Every year, The World Happiness Report is conducted and sent out to measure which countries are the happiest. They take into consideration a plethora of data, such as citizens’ general satisfaction with life, access to clean water, and other factors that would affect someone’s quality of life. This year, the report took into consideration the COVID-19 emergency, factoring in the way countries handled the crisis.
While every country has its problems, the top 10 countries on this year’s report were not a huge surprise (other than Germany, which is usually listed around #15 on the list, and made #7 this year). What is the secret to happiness? There may never be a concrete answer to that, but these countries clearly know something that others can learn from. Here are the top 10 happiest nations in the world, and what we can learn from their cultures:
Austria usually falls between 7–10 in the rankings, so they clearly know a thing or two about happiness. They have a high average life expectancy and wages are generous, but the culture also has a lot to do with their high placement on the global list. Austrians love to take bike rides, which is powerful for a couple of reasons—being outside increases happiness, and so does exercise. Endorphins are heightened while participating in either activity, and bike rides bring them together. Austrian culture is joyful for many reasons, but their love of biking is something we could all take inspiration from.
9. New Zealand
Anyone who has seen Lord of the Rings knows how beautiful this island nation is. The country is led by a progressive woman who prioritizes raising income, protecting the environment, and leading with empathy. It’s no wonder the country is always in the top 10. The culture of New Zealanders themselves is also one of joy, sincerity, and a laid-back attitude about life. Being genuine can be a huge stress-reducer, and letting loose by deciding to forgo uptight formalities is a great way to enjoy life. Make like a New Zealander and let go of the stress that comes from trying to live “the right way.” Be yourself, and go with the flow—it clearly works.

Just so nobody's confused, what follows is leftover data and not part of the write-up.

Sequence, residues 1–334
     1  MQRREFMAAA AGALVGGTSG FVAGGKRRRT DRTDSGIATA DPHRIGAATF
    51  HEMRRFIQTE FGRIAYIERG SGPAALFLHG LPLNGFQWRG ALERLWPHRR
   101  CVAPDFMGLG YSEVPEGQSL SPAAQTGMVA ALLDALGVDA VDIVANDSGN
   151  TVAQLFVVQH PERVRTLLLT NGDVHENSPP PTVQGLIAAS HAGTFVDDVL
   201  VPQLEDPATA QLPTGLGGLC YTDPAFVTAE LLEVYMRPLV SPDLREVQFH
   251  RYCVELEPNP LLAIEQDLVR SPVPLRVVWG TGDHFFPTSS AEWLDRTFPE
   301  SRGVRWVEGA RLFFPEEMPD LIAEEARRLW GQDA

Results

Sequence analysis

This Nordic nation fell a few spots due to the pandemic, as it usually makes the top 5, but making the eighth spot in the world is not too shabby. This northern country is known for the northern lights, vikings, and reindeer, but there is more to it than that. Besides the high incomes, trust in the government, and social support, Norwegians enjoy a lifestyle shaped around koselig— essentially living slow and in tune with the seasons. Studies have consistently shown that living more intentionally, and spending time with nature improves well being and reduces anxiety. This is making a big difference for the Norwegians, so consider living a slow life like they do.